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Castro in Moscow


by P. Jen


[First printed in Spartacist#1, February-March 1964]


Premier Fidel Castro, caught in the complex web of Washington-Peking-Moscow relationships, has begun to become, more clearly enmeshed in the machinations of the Russian leadership. Statements made in both Castro's Soviet TV interview of January 21, and the Joint Soviet-Cuban Communique of January 22 reveal unmistakably that Khrushchev hail begun to consolidate his grip on the PURS (the Cuban party) and its leader. Although there will undoubtedly be further vacillations, Castro has, without question, begun to trail behind the Soviet Union in foreign policy.


Castro, appearing on Moscow TV January 21, said, "At the same time [after the October missile crisis] there was a relaxation of international tension, a relaxation in the cold war. All this was a result of the policy and the efforts of the Soviet Union and the socialist camp on' beha,lf of peace." (Emphasis added.)


One of the "concrete" results of those efforts was, in the Joint Soviet-Cuban Communique of" January 22, greeted favorably by the Cuban government: "The government of the Republic of Cuba regards the successes achieved by the Soviet Union in the struggle for the discontinuation of nuclear tests and the agreement on nonorbiting of vehicles with nuclear weapons as a step forward promoting peace and disarmament."


Giving further support to the policies of the Soviet bureaucracy: "Comrade Fidel Castro expressed his approval of the measures taken by the Central Committee of the CPSU to eliminate the existing differences and to consolidate cohesion and unity in the ranks of the international communist movement." (Joint Soviet-Cuban Communique.)


It is clear from this that in the context of the Sino-Soviet dispute Castro has unequivocally joined' "the ieaders of the CPSU," who, in the words of the Chinese "are the greatest of all revisionists as well as the greatest of all sectarians and splitters known to history." (Printed Feb. 4 in Jenmin Jih Pao, the Chinese CP daily paper.)


Not only Soviet policy, but Soviet political life in general, and the leader of the CPSU in particular, have received the approval of Fidel Castro. "I am very much interested in Soviet experience" Castro said on Soviet TV Jan. 21. "I am very interested in the role played by your Party, the role of the advanced detachment, the role of organizer and inspirer of all the activity in the Soviet Union. I am interested in the participation of the Party on all labour fronts-in agriculture, in industry, in cultural activities, in all spheres of production, in all spheres of politics, and in the army. My attention is attracted hy the wonderful role which the Party has been playing in the Soviet Union for nearly half a century now!'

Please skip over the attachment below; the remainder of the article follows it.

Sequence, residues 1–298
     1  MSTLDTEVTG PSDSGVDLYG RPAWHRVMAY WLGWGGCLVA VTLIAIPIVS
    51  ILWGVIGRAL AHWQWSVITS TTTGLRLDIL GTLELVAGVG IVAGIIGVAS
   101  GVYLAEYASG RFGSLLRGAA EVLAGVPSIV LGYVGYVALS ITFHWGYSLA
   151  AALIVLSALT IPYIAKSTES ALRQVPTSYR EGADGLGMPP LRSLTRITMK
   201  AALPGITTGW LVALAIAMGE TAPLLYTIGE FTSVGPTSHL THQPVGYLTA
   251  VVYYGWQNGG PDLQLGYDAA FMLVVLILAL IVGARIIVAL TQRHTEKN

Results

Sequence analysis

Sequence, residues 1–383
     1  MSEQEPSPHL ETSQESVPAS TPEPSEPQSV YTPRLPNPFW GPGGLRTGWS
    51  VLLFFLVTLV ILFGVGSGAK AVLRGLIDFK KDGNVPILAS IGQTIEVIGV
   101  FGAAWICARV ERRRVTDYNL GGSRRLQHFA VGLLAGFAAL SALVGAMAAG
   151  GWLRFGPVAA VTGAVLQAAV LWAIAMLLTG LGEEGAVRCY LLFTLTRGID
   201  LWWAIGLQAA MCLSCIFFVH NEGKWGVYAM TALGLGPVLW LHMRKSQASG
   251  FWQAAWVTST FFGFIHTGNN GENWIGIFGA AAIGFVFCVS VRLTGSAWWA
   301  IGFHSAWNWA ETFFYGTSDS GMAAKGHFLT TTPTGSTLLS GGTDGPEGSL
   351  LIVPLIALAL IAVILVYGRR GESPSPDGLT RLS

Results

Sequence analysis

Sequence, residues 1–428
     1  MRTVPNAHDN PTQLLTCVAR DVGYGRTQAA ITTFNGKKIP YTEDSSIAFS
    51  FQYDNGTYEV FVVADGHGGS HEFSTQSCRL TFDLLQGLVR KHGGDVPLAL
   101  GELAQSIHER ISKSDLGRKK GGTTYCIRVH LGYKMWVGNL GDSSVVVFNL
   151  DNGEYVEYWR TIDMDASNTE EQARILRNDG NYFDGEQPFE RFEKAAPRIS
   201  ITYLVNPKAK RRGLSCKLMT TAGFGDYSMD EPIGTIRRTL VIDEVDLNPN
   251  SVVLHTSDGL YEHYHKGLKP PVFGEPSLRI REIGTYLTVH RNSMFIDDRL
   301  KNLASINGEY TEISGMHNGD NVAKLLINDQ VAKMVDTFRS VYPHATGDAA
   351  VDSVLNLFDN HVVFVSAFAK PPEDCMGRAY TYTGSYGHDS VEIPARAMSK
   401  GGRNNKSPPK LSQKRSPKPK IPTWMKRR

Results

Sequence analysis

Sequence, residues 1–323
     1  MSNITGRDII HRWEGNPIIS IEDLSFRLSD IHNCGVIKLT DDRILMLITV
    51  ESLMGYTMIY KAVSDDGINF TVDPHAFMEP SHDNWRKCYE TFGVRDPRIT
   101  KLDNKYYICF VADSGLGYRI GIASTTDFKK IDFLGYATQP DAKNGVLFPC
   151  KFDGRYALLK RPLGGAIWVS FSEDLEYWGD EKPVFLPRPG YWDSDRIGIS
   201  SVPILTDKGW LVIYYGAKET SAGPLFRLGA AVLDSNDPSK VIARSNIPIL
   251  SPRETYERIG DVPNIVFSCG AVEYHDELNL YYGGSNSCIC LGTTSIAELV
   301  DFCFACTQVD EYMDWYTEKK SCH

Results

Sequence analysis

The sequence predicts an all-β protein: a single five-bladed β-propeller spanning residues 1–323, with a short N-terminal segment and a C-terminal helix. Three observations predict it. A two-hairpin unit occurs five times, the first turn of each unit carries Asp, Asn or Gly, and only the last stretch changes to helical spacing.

For the last three-almost four decades, however, "the wonderful role which the Party has been playing, in the Soviet Union" has included Stalin's frame-up trials; the decapitation of the Red Army on the eve of World War II; the betrayals of the proletarian revolution in China (1925-27), Germany (1929-33), France (1934-36; 1945-present), Italy (1944-present), Iraq (1958), etc.; and the present strategic outlook of capitulation to imperialism.


"We have been able to appreciate," said Castro on Moscow TV, "the way in which the Party [CPSU] has trained specialists, has fostered the revolutionary way of thought, in the people, trained astronauts, scientists, has produced the cadres who are today developing the economy and the entire life in the Soviet Union, has produced the cadres who are now building communism. The Party is a symbol of revolutionary continuity and the people's confidence in themselves." (emphasis added.)


Castro's evaluation of Nikita Sergeyevich Khrushchev, the leader of this so-called "Communist" Party which is building "communism" in a single country, is full of warmth and admiration. "I have full right to evaluate and admire this man, who combines in one person so many splendid qualities: intellect, excellent character, kindness and strength - the qualities which make him a great leader. And the more I know Comrade Nikita Sergeycvich, the more time I spend with him, the more warmer grow my feelings for him, the more I admire him, the higher is my opinion of him as a man." (Castro on Moscow TV, Jan. 21.) ,,'


Fidel Castro's words supply their own commentary. Those who want the full text of his interview on Moscow TV, as well as the Joint Communique, can find these in the supplement in the Moscow News, January 25, 1964.


For socialists who saw in Castro's militant stand a revolutionary communist leadership or some reasonable facsimile thereof, the recent swing to the right must come as a surprise and even a shock. Castro's perceptible yielding to Soviet economic pressure, while perhaps mistakenly understandable from one point of view (that of building the national economy), is inexcusable from another (that of the international proletarian revolution), and in fact strategically defeats the former. It is only on the basis of the proletarian revolution in the advanced countries that the Cuban economy can develop to it's full potential. Tactical considerations must be seen as a part of and subordinate to strategic ones. Flowing from the empiricism of the Cuban leadership the strategic aim (if it ever existed) of world proletarian revolution has been sacrificed to the narrow, short-sighted, "pragmatic" goal of stable prices for Cuban sugar. If it is still objected that Castro had no choice, then we, at least, do not have to apologize for his actions In Moscow. Castro indeed had no choice: he was the prisoner not only of his own policies, but also of his historical origin which was the basis for those policies. Suffice it to .say that if our movement had come to power in Cuba it would have been out of a quite different historical situation. We criticize the Castro leadership as  part ot the process of building the Bolshevik leadership that will be an integral part of such a situation. The historical game of changing places with various leaders is not one that Marxistst engage in. Soviet economic blackmail techniques are, of course, well known to the people of Albania and China, and it is to Castro's credit that he held out as long as he did.